2013, was characterised by a fairly wet late winter early spring. Unusual symptoms have been seen in canola crops throughout the Great Southern region. These symptoms are reminiscent of calcium deficiency - at a cursory inspection you can see "tipple- topple" and a discolouration on the developing pods.
THE FOLLOWING COMMENTS ARE FROM DAFFWA BASED ON SAMPLES FROM LOWER GREAT SOUTHERN AREA
The key diagnostic is what looks like a BL lesion on the left of the stem in this clip from photo and the petiole and pod lesions - lots of small black lesions and bleached patches where the necroses coalesce
The suggestion is that low calcium levels weaken the plant and allow the Blackleg to get a hold. So the Blackleg is an associated problem rather than a primary problem.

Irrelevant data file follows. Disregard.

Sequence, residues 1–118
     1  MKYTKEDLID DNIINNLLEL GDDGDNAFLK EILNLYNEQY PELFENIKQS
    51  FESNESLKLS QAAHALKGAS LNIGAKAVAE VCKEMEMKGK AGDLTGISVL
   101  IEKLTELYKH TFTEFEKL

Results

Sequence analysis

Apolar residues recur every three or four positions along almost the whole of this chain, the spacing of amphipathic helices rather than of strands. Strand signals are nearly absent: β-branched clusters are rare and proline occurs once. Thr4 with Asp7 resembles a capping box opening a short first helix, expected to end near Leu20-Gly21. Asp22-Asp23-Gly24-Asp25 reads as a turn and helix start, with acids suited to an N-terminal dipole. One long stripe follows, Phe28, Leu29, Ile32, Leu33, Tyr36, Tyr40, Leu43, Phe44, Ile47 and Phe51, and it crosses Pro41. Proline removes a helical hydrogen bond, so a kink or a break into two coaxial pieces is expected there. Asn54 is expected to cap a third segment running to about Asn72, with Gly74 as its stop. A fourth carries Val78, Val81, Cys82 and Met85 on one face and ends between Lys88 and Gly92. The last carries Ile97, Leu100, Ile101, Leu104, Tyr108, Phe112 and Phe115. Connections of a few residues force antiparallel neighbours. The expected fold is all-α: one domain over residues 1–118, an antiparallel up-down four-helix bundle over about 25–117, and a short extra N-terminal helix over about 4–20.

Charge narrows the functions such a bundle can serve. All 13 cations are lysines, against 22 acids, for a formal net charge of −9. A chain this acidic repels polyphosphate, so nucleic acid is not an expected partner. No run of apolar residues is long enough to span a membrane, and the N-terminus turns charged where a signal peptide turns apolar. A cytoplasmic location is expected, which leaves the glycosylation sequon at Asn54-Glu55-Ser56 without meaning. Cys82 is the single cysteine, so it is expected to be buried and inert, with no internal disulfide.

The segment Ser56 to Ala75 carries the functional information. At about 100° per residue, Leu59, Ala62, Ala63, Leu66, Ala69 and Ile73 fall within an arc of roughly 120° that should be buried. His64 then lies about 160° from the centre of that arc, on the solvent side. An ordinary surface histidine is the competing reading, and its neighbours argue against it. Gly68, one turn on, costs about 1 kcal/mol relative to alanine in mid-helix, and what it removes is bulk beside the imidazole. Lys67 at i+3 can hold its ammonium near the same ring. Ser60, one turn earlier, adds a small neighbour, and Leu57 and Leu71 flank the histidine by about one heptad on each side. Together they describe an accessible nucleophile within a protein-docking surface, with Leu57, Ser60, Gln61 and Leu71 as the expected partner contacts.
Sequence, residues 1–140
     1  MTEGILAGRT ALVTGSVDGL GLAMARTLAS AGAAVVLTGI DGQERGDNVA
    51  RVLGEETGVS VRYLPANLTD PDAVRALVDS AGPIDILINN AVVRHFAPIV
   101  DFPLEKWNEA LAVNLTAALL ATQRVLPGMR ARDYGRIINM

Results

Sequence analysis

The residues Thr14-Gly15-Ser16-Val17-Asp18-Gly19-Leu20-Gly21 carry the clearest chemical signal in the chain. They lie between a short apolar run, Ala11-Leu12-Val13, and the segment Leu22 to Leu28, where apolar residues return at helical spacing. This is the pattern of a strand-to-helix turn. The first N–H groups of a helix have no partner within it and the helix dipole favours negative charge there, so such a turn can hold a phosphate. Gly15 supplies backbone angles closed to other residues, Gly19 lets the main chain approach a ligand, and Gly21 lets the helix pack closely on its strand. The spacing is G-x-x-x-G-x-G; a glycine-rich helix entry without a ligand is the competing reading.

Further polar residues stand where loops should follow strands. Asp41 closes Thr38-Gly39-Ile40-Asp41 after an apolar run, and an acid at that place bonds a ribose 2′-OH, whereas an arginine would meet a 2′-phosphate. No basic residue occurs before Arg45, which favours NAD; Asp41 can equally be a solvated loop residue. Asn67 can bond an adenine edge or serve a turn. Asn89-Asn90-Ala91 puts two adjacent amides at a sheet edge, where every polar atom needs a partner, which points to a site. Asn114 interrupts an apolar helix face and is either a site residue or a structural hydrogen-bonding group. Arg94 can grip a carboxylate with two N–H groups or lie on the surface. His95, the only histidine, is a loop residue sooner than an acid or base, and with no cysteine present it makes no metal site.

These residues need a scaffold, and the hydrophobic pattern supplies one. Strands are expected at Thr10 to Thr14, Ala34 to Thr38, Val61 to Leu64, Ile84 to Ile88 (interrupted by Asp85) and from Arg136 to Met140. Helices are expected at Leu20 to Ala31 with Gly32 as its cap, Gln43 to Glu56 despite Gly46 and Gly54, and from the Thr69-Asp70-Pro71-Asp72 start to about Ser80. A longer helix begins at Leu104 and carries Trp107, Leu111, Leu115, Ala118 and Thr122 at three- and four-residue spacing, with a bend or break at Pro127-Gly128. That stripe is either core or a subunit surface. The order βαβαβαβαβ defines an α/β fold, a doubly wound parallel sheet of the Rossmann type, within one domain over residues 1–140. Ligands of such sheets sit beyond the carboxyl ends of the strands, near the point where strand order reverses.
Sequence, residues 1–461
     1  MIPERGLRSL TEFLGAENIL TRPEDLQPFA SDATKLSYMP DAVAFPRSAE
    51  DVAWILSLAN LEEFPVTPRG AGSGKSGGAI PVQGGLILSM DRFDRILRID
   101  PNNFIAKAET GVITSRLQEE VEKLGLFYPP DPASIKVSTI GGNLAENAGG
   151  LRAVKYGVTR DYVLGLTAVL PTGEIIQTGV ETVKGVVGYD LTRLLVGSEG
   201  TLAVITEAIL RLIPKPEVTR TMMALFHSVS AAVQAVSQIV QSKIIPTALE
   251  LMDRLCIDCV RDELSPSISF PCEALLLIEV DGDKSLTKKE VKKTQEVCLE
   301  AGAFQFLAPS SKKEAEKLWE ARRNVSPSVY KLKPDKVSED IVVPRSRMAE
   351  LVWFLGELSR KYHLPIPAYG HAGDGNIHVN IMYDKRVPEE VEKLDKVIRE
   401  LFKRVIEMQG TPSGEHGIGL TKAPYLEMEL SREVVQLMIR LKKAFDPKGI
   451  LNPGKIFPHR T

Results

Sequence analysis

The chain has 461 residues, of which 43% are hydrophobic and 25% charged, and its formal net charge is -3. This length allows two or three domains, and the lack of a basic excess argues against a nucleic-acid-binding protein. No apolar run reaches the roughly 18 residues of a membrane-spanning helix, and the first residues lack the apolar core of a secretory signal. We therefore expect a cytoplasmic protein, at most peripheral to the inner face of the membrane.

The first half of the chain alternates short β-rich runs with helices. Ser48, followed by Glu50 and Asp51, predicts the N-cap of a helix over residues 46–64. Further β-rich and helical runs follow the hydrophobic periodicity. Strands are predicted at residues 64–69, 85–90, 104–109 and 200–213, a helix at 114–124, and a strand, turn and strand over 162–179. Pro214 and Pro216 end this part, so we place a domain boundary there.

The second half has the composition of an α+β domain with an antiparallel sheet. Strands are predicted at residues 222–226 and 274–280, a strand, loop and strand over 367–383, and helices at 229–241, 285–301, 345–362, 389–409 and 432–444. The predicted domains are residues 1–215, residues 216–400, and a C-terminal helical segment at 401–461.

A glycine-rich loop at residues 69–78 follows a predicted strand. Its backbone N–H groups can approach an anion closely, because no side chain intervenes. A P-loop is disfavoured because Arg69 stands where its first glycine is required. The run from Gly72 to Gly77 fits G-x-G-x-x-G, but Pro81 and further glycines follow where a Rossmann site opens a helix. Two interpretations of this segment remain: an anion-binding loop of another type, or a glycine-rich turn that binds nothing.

"The paddock in question has no previous canola history but is adjacent to the south of a wheat paddock in canola this year. A largely unaffected canola crop that was in canola 2 years ago is on the other (north) side of the wheat crop. The poor paddock has never been limed and had no calcium fertiliser for 5 years whereas the good paddock was limed recently"
There has not been such pod and black lesions etc with plain tipple topple in the past.
Occurrences like this are not usual and can often confuse farmers and advisors alike. Blackleg is a particularly virulent disease of canola and whilst some varieties carry some resistance, and sometimes fertilizer is coated with flutriafol to protect the young plants, this protection is generally confined to the first 2 to 4 months and protects against stem canker.
Just one more thing to watch out for in these damp years.
- Low calcium levels may be caused by acid soils, no Ca applied (as lime or fertilizer) Water stress or waterlogging.
- Nutrition stress (Calcium) has weakened the plant and allowed Blackleg to get a hold.
- Growers need to be aware of soil pH issues for Canola - in both top and sub-soil.